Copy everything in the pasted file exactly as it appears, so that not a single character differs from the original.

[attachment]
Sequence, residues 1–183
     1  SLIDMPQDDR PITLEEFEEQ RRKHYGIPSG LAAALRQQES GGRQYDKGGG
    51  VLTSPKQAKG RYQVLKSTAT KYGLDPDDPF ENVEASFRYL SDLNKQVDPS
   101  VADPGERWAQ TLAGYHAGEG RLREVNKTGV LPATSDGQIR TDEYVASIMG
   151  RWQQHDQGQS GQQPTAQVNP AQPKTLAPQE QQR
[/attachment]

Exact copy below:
Sequence, residues 1–183
     1  SLIDMPQDDR PITLEEFEEQ RRKHYGIPSG LAAALRQQES GGRQYDKGGG
    51  VLTSPKQAKG RYQVLKSTAT KYGLDPDDPF ENVEASFRYL SDLNKQVDPS
   101  VADPGERWAQ TLAGYHAGEG RLREVNKTGV LPATSDGQIR TDEYVASIMG
   151  RWQQHDQGQS GQQPTAQVNP AQPKTLAPQE QQR